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 While the talk about the kingship was going on, and just before there was to be a meeting of the Senate, Cassius met Brutus, and, seizing him by the hand, said, "What shall we do in the senate-house if Cæsar's flatterers propose a decree making him king?" Brutus replied that he would not be there. Then Cassius asked him further, "What if we are summoned there as prætors, what shall we do then, my good Brutus? " "I will defend my country to the death," he replied. Cassius embraced him, saying, " Which of the nobility will you allow to share your thought? Do you think that artisans and shopkeepers have written those clandestine messages on your tribunal, or rather the noblest Romans, those who ask from the other prætors games, horse-races, and combats of wild beasts, but from you liberty, as a boon worthy of your ancestry?" Thus did they disclose to each other what they had been privately thinking about for a long time. Each of them tested those of their own friends, and of Cæsar's also, whom they considered the most courageous of either faction. Of their own friends they inveigled two brothers, Cæsilius and Bucolianus, and besides these Rubrius Ruga, Quintus Ligarius, Marcus Spurius, Servilius Casca, Servius Galba, Sextius Naso, and Pontius Aquila. These were of their own faction. Of Cæsar's friends they secured Decimus Brutus, whom I have already mentioned, also Gaius Casca, Trebonius, Tillius Cimber, and Minucius Basillus.1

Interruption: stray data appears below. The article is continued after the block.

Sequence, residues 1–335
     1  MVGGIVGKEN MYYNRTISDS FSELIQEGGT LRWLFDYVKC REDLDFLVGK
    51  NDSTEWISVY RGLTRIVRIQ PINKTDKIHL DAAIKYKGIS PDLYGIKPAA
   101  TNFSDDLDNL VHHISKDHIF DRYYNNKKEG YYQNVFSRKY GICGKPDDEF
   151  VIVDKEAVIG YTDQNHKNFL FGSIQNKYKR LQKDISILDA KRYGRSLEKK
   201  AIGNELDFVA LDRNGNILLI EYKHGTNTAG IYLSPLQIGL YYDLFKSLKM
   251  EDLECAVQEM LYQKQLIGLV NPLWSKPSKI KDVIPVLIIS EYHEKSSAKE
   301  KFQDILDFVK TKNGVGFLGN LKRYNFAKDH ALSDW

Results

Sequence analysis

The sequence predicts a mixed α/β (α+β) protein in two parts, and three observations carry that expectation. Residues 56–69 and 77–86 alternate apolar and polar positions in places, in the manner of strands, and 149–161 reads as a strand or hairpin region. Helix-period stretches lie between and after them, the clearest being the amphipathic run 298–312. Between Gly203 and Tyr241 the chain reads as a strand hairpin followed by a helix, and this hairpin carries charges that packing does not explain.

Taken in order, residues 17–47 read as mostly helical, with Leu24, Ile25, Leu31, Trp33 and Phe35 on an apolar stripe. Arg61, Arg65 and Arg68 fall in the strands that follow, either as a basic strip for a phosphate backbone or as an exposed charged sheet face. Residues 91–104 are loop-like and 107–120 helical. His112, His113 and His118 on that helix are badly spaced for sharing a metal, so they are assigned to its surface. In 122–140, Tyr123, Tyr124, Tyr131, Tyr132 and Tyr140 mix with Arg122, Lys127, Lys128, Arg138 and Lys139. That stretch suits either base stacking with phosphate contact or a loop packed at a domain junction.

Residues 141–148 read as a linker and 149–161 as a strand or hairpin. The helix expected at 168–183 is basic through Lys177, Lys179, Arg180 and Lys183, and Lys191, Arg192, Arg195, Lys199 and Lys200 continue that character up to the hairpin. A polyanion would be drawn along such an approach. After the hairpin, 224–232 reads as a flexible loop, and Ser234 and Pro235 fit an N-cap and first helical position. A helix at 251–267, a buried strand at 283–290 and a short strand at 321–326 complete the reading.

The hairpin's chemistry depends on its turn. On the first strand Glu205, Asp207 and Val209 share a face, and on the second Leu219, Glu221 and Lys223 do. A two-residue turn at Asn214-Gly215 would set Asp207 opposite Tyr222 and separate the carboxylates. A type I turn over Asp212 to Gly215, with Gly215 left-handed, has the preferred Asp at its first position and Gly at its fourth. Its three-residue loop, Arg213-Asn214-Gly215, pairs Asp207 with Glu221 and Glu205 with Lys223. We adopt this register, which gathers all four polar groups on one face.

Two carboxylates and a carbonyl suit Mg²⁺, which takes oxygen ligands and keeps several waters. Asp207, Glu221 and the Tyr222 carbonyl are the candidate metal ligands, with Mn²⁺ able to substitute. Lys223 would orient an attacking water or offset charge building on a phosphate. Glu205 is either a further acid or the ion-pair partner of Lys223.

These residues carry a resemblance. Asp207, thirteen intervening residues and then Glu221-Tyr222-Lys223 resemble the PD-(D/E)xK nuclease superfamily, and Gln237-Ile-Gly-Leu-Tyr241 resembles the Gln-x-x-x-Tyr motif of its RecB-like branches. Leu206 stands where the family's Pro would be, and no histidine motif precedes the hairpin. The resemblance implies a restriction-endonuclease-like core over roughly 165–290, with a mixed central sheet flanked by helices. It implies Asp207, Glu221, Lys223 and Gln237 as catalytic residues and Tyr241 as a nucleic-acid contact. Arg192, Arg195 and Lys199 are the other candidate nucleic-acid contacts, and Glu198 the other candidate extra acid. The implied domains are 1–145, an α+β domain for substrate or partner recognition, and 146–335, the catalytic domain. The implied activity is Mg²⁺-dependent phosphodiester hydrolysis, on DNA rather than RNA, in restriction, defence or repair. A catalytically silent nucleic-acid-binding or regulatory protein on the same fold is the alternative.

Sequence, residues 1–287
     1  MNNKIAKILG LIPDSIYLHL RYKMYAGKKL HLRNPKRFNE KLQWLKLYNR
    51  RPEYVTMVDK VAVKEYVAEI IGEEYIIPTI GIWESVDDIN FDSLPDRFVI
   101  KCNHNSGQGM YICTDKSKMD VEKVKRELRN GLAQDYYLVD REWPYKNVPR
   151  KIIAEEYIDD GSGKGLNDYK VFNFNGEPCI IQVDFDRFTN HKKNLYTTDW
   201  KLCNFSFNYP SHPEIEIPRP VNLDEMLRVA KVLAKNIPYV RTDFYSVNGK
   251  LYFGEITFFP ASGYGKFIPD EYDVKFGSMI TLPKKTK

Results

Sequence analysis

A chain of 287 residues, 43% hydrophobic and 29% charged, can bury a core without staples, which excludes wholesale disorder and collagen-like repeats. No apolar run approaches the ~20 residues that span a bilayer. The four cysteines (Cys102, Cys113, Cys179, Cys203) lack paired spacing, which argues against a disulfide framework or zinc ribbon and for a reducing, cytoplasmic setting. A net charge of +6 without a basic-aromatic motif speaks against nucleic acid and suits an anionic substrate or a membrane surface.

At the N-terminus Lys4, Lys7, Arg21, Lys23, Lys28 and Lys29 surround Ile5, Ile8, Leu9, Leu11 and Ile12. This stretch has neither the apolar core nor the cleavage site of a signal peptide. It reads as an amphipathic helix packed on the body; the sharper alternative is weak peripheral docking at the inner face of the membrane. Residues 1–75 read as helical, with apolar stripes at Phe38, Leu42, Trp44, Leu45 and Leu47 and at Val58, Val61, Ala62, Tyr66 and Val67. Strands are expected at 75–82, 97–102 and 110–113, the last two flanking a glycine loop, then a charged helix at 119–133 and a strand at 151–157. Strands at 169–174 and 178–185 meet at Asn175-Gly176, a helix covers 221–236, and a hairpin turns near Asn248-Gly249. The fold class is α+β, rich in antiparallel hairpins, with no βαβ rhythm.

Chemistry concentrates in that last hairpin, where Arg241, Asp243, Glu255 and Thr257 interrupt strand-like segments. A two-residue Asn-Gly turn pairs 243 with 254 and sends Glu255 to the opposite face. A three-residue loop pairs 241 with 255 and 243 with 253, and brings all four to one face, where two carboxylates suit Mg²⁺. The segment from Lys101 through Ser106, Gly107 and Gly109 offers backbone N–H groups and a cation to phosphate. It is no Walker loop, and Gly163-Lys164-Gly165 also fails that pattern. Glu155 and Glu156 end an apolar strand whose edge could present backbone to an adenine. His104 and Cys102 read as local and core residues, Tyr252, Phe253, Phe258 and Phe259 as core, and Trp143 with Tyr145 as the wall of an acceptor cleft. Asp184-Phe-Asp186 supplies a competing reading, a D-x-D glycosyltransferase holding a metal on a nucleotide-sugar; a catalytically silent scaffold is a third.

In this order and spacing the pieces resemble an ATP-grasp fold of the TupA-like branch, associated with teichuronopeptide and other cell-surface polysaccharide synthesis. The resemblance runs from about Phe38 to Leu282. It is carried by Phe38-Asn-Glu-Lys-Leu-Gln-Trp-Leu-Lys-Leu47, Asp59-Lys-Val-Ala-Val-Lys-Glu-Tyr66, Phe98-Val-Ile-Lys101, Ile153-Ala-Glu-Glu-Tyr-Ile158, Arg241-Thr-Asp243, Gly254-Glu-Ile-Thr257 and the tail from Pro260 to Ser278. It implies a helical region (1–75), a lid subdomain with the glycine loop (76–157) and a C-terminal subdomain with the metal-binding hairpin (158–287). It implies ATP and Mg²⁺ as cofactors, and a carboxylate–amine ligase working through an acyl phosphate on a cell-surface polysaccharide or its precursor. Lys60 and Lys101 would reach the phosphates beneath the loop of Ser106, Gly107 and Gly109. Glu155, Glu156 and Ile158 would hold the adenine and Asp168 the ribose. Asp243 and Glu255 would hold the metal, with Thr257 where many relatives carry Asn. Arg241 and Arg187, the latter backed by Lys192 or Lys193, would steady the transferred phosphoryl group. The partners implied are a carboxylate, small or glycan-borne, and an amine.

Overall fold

1 Mention should be made of two wise men who did not join the conspiracy. Plutarch gives this account of them: " Of his other companions Brutus omitted Statilius the Epicurean, and Favonius an adherent of Cato, because when he sounded them in a roundabout way by conversing with them on philosophical subjects, Favonius answered that a civil war was worse than an illegal monarchy, and Statilius said that it was not the part of a wise man to expose himself to danger and to stir up disorder for the sake of worthless and foolish people." (Life of Brutus, 12.)
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